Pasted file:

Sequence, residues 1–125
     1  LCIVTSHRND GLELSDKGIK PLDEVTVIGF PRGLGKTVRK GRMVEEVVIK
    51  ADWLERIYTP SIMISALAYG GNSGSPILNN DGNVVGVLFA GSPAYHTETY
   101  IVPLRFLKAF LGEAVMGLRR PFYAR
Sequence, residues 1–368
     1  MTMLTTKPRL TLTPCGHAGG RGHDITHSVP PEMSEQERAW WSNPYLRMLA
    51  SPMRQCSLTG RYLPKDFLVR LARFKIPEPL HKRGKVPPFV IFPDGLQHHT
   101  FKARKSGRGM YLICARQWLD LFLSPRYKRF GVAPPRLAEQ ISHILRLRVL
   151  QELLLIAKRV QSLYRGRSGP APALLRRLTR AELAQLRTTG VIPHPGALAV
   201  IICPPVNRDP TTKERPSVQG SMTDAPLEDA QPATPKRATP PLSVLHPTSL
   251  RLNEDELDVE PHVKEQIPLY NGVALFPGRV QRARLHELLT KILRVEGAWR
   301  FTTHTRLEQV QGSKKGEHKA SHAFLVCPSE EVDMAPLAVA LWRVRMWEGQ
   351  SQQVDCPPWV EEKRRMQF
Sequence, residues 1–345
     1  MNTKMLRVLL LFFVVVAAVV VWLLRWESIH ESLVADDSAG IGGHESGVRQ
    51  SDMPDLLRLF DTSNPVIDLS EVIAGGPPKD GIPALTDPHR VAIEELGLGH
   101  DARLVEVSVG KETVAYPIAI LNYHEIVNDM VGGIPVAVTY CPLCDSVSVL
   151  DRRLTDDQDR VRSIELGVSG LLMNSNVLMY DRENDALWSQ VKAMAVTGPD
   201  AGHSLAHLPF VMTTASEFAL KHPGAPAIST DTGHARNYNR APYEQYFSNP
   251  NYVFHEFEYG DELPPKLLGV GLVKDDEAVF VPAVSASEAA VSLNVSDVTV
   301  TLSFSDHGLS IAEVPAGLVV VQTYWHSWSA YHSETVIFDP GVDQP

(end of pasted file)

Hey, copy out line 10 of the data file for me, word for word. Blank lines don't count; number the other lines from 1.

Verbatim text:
   201  IICPPVNRDP TTKERPSVQG SMTDAPLEDA QPATPKRATP PLSVLHPTSL